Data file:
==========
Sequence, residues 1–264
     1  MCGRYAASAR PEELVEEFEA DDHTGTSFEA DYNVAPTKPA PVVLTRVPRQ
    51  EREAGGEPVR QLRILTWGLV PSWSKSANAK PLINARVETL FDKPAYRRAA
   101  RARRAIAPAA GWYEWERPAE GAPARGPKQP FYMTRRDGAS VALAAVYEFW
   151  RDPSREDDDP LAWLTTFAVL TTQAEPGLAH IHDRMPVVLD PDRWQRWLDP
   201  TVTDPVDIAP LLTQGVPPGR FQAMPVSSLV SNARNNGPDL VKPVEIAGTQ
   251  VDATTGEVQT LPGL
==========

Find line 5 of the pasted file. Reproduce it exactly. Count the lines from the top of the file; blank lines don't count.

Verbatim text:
   151  RDPSREDDDP LAWLTTFAVL TTQAEPGLAH IHDRMPVVLD PDRWQRWLDP